Top Tens of the Decade: 2002
Now for my top ten films of 2002. Just a reminder of what this list actually means, these are not my favorite films of the years, not what I thought were technically the best films, but the films that left the most indelible impression on me. The films I’ve never forgotten. Check out the lists for 2000, and 2001.
In 2002, I graduated high school (have I ever mentioned how my high school mascot was a potato? Seriously). I finally moved out on my own, to a bigger city with better stocked libraries, theatres and movie rental places. Not to mention I became a freshman at a huge university, which fostered the growth of my own pretensions and ego.
– I don’t think Spike Lee had anything to do with me seeing 25th Hour, it was almost exclusively because it started Edward Norton, who, until he recently has started acting more and more like Nic Cage, was my favorite actor. It helped that it co-starred Philip Seymour Hoffman. I’ve never really been able to understand why I like this film so much (for years I listed it as my very favorite), but I do. The mood is just right, it’s the first post 9/11 New York City film, the score is perfect, the acting is great. What more could you ask for?
– While I’m not a huge horror fan, I’ll pretty much watch anything that has a score of 30% or higher on RottenTomatoes, and has zombies. So the fact that Danny Boyle’s 28 Days Later was so freaking good was just icing on a cake I would have been satisfied with anyway. If you’re a purist and want to talk about how the infected are zombies, fine. Same concept though. And this movie scared the crap out of me. It falls apart a little two thirds of the way through, but most Boyle films do. And it doesn’t matter to me. Plus, I discovered Godspeed You! Black Emperor because of this movie.
– Fernando Meirelles’ City of God is epic. There’s no getting around it. It’s profound, and stylistically brilliant. It’s super hard to watch, but worth the effort when a film is almost perfect like this. Nothing I’ve really seen since this, or before it has really compared. Sure, there’s lots of films exploring the effects of gangs in poorer country, victims of urban decay and poverty, but none of them are as well crafted as City of God.
– I saw Dirty Pretty Things for two main reasons: to finally see this Chiwetel Ejiofor I had been hearing so much about, and to see what Audrey Tautou was doing in a British film. I suppose this is the first real ‘public awareness message’ movie I saw. And I didn’t even realize the black market for human organs. But I was 17. Give me a break. This is one of the most overlooked films of the year. It’s brilliantly crafted.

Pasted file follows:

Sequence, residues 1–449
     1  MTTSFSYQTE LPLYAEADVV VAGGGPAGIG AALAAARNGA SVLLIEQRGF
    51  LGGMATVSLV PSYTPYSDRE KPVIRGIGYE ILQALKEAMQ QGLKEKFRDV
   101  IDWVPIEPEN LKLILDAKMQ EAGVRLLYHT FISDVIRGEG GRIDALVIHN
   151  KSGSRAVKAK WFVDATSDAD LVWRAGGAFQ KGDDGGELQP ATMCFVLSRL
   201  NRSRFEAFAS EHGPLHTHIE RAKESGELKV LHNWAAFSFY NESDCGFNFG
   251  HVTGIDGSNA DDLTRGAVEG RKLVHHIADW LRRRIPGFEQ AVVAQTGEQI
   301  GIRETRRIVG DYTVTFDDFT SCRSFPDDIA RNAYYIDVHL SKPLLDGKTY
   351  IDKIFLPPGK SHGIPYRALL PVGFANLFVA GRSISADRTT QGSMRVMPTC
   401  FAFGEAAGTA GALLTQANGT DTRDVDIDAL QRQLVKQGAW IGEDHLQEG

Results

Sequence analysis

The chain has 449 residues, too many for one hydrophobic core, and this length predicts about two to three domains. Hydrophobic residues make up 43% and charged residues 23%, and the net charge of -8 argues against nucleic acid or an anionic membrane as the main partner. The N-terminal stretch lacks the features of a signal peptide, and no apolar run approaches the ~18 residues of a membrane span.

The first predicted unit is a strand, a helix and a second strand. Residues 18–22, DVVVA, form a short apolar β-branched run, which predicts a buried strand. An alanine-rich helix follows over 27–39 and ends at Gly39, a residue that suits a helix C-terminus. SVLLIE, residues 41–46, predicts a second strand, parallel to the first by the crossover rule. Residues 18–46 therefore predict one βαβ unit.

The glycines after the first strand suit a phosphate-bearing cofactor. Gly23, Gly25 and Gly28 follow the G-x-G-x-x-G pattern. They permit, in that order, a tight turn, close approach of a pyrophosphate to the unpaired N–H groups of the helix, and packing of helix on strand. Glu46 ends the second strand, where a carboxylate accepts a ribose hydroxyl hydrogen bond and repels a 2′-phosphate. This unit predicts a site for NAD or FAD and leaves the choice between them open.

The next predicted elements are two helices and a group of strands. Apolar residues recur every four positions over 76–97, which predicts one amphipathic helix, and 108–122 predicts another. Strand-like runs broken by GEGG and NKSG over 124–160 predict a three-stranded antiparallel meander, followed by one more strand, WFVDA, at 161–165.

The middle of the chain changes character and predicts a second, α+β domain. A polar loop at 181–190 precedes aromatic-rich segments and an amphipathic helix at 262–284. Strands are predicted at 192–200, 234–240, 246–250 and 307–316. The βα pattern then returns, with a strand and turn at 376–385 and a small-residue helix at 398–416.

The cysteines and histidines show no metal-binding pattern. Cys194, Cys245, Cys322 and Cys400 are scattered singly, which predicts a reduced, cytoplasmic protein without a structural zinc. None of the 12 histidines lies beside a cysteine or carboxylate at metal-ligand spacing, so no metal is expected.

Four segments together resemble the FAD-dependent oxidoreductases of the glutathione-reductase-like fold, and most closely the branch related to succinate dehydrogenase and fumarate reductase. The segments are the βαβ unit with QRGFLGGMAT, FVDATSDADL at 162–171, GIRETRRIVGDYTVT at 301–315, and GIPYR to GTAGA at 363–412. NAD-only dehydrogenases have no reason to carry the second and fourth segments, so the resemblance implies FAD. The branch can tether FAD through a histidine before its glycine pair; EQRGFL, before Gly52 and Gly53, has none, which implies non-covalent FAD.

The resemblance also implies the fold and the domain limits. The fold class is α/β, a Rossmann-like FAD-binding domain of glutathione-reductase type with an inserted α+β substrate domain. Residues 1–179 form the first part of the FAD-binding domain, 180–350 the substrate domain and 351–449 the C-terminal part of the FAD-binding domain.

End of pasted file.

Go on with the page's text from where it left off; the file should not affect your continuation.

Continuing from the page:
– I’ll be honest, I wanted to see this movie just because I heard that Cate Blanchett shaved her head it in. I was pretty disappointed by Giovanni Ribisi’s weird Italian accent in Heaven, but it was easy to overlook it. The mood of this film is remarkable. And it introduced me to a much, much better film maker than Tom Tykwer: Krzysztof Kieslowksi. Kieslowski wrote the script as the first part of a trilogy (Heaven, Purgatory, Hell), but died before he finished writing all of them. It was ambitious of Tykwer to attempt this. It’s not a masterpiece by any means, but it’s certainly a film I’ll never forget.
– One of my favorite parts about Hero is that people still think Quentin Tarantino directed it. I supposed that was the purpose of the marketing ploy, but really. That’s ridiculous. The film is visually unlike anything I had seen, and still stands out among its peers like House of Flying Daggers. It’s one of the most beautiful films ever. It’s difficult to put in to words why this film is so bitchin’. If you’ve seen it, you understand.
– I don’t understand what it is about The Mothman Prophecies, but this film is terrifying to me. Even when the best parts are mostly given away by the trailer, and even though I’ve seen it many times, it always gives me the chills. I’m not a Richard Gere fan, but Laura Linney and Will Patton are pretty bitchin’. The director, Mark Pellington, hasn’t directed much of note since then, except U2 3D. I wish he’d get back into horror/thriller… whatever this genre is.
– I used to have a crush on Jodie Foster. I did, until I saw Taxi Driver. But I’d pretty much watch anything she was in (this included The Brave One). And, this was Kristen Stewarts first film, or rather the first film I saw her in (I didn’t like her back then either). The mood of the film is dark and vacant, just like I would expect from any David Fincher flick. It’s not a fantastic film, the plot is a little contrived, but it’s one I enjoy watching .
– I was about twelve when I realized that Adam Sandler isn’t funny. If this had been any other Adam Sandler movie, I would have passed. But I love P.T. Anderson, and Emily Watson, so I took a chance, and couldn’t have been happier with the result. It’s genuinely hilarious. One of my all time favorite scenes in film is when Sandler and Watson are talking dirty to each other in bed. It’s so good. So good.
– This film was only brought to my attention by the Oscars. My radar for good foreign film was not that advanced back in the day. This was before I even recognized Gael Garcia Bernal. So thanks to it’s nomination, I checked this out and was kind of shocked that it was better than most of the things I saw this year. The ending was one of those shock endings (not like The Sixth Sense, better than that) that forever remains burned in to my cinematic memory as one of the greats.